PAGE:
While organizations may just ask for a statement that vaccines are against your religious beliefs and you hold those beliefs sincerely, they have the right to ask for more a detailed explanation to determine that those statements are true. They will also deny your religious exemption if they do not believe your beliefs are sincere, or if they are moral, ethical or personal beliefs, rather than religious beliefs. For employees, the questions must be consistent with the guidance from the U.S. Equal Employment Opportunity Commission (EEOC) https://www.eeoc.gov/laws/guidance/questions-and-answers-religious-discrimination-workplace. The following are examples of what may be asked to support a religious exemption:
- Explain how receiving the vaccine conflicts with or violates your sincerely held religious belief, observance or practice.
- Identify the sincerely held religious belief, observance or practice that prevents you from receiving the flu vaccine (this includes moral or ethical beliefs as to what is right and wrong which are sincerely held with the strength of traditional religious views (29 C.F.R.§1605.1), but it does not include “social, political, or economic philosophies” or personal preferences (U.S. Equal Emp’t Opportunity Comm’n, Questions and Answers: Religious Discrimination in the Workplace, Question 1 (Jan. 31, 2011); U.S. Equal Emp’t Opportunity Comm’n, Compliance Manual, Section 12: Religious Discrimination, at 12-I (Coverage) (July 22, 2008)
While the accommodation you are requesting is an exemption to vaccination for religious reasons, you may also be asked to request other accommodations, if not getting the vaccine would make you unable to meet the required/essential functions of your job and would impose an undue hardship, including compromising safety for your organization.
The First Amendment of the US and California Constitutions, guarantees every American freedom of religion which is not restricted to organized religion. The definition of your religion is your own and you cannot be judged for what it is. Per the 1964 Civil Rights act:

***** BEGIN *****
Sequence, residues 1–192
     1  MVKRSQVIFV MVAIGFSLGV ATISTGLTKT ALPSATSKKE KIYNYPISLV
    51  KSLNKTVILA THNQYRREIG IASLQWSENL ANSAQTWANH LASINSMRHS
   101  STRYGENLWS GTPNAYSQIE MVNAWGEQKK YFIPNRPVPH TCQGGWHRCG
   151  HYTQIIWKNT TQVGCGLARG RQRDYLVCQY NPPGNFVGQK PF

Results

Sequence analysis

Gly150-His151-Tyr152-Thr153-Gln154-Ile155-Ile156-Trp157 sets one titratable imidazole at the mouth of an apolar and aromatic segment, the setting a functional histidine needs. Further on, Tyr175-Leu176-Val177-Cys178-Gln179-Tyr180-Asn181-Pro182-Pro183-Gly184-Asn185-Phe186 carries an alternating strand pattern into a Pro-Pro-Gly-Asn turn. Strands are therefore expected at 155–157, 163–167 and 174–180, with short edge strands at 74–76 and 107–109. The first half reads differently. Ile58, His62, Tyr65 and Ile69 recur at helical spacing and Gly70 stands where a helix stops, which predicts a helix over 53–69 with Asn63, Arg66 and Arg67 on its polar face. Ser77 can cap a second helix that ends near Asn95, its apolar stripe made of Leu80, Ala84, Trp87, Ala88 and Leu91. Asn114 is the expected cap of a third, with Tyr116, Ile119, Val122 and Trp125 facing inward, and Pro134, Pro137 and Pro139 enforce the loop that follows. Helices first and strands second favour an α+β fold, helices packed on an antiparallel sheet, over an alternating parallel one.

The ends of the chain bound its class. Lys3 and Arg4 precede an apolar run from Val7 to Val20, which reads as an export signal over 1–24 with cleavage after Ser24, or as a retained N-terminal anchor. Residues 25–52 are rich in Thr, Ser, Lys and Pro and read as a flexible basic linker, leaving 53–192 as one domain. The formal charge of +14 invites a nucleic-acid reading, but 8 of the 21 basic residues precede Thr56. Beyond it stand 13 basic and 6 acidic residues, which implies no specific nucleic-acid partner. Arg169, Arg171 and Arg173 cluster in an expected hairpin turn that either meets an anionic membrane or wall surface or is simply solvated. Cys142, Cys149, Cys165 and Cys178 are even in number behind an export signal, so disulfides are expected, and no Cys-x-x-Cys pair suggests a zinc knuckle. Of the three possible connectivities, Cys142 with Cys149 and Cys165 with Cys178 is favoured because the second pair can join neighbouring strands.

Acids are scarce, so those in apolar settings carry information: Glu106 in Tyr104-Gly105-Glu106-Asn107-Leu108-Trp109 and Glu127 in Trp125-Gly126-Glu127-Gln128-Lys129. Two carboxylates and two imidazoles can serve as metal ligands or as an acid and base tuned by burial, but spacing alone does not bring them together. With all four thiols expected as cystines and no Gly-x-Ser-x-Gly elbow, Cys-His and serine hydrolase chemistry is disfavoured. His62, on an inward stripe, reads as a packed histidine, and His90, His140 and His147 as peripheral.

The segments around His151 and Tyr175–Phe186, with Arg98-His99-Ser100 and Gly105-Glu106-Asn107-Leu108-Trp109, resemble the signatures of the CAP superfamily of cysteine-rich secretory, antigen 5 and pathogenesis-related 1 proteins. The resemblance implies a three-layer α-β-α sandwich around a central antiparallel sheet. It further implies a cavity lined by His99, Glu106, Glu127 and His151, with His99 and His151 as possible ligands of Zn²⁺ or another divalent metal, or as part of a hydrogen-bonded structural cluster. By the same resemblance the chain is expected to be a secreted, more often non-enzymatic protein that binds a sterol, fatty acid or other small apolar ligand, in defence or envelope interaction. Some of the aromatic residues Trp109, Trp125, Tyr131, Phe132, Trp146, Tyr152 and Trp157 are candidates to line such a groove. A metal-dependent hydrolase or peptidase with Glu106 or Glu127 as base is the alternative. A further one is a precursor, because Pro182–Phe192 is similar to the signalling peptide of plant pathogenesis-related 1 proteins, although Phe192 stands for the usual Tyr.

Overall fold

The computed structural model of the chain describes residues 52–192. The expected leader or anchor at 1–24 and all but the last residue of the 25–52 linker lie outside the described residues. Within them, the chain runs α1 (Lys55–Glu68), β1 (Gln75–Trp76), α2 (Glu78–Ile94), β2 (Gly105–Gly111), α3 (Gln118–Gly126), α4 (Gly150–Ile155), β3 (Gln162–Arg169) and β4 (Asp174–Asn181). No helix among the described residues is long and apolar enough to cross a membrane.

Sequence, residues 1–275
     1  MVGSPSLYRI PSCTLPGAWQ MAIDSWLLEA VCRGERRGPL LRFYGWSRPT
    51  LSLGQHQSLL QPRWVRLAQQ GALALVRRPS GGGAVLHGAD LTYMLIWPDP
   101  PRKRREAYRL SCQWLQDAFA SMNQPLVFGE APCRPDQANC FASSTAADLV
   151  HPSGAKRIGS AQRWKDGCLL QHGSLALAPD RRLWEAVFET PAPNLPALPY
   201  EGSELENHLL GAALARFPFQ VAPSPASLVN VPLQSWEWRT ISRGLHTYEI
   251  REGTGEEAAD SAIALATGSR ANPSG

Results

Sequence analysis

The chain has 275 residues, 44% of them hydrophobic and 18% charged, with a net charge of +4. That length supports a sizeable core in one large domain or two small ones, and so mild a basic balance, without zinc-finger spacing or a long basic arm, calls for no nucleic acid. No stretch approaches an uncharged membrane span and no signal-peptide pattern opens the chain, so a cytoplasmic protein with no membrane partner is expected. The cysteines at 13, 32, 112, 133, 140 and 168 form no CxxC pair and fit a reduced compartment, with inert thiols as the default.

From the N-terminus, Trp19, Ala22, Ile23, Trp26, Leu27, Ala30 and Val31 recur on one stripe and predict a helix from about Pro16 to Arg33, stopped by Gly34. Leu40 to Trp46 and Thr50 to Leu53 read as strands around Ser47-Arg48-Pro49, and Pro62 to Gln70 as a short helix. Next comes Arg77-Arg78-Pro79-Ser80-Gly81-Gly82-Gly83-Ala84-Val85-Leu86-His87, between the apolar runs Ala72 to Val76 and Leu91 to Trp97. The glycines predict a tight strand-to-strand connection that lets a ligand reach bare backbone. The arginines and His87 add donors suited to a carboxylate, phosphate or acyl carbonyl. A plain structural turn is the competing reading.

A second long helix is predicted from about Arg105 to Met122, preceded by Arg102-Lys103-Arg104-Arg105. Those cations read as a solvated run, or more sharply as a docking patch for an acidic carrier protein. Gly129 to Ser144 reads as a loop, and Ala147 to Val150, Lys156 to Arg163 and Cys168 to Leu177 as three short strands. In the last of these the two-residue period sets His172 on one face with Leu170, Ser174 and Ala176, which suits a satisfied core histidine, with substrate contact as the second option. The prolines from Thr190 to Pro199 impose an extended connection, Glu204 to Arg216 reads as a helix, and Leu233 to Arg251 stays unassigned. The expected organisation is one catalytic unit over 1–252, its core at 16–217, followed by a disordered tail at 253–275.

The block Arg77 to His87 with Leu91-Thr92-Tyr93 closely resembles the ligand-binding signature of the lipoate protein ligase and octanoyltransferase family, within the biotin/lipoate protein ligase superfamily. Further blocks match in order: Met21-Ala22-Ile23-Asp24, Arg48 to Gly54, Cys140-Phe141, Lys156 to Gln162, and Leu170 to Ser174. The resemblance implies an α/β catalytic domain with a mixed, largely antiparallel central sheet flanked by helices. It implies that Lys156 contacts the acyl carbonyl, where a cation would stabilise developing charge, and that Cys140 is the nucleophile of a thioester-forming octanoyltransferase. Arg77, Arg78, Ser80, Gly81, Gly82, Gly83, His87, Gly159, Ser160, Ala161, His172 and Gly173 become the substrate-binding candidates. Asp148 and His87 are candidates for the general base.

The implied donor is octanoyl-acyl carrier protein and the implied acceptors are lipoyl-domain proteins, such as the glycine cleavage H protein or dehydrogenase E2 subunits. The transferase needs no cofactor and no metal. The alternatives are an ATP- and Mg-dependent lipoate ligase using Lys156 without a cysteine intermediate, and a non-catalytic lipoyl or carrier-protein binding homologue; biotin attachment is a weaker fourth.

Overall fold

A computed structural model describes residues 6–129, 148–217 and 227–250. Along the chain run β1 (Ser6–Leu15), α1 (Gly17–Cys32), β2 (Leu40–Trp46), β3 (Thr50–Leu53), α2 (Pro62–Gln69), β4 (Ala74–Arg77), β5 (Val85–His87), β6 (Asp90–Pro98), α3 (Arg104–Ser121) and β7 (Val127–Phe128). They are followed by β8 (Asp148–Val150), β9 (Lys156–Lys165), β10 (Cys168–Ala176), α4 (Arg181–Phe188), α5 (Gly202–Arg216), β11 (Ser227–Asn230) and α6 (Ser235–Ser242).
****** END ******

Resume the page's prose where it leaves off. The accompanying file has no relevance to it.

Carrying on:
“Title VII protects all aspects of religious observance and practice as well as belief and defines religion very broadly for purposes of determining what the law covers. For purposes of Title VII, religion includes not only traditional, organized religions such as Christianity, Judaism, Islam, Hinduism, and Buddhism, but also religious beliefs that are new, uncommon, not part of a formal church or sect, only subscribed to by a small number of people, or that seem illogical or unreasonable to others. An employee’s belief or practice can be “religious” under Title VII even if the employee is affiliated with a religious group that does not espouse or recognize that individual’s belief or practice, or if few – or no – other people adhere to it. Title VII’s protections also extend to those who are discriminated against or need accommodation because they profess no religious beliefs.
Religious beliefs include theistic beliefs (i.e. those that include a belief in God) as well as non-theistic “moral or ethical beliefs as to what is right and wrong which are sincerely held with the strength of traditional religious views.” Although courts generally resolve doubts about particular beliefs in favor of finding that they are religious, beliefs are not protected merely because they are strongly held. Rather, religion typically concerns “ultimate ideas” about “life, purpose, and death.” Social, political, or economic philosophies, as well as mere personal preferences, are not “religious” beliefs protected by Title VII.”
More details on what constitutes religion is outlined in these two articles:
EOCC: Questions and Answers - Religious Discrimination in the Workplace
National Law Review: Flu Shots, Religious Beliefs, and Employee Rights: Navigating the Complex Intersection.
If you are part of an organized religion, most religious texts have verses that relate to the sanctity of blood and bodily autonomy. If you need ideas, Freedom of Religion - United Solutions has letters from various religious leaders on their website: https://forunitedsolutions.org/clergy-letters. A Voice for Choice Advocacy has updated our flyer which outlines the animal and fetal tissue ingredients in vaccines and how they relate to various religions, to include COVID vaccines.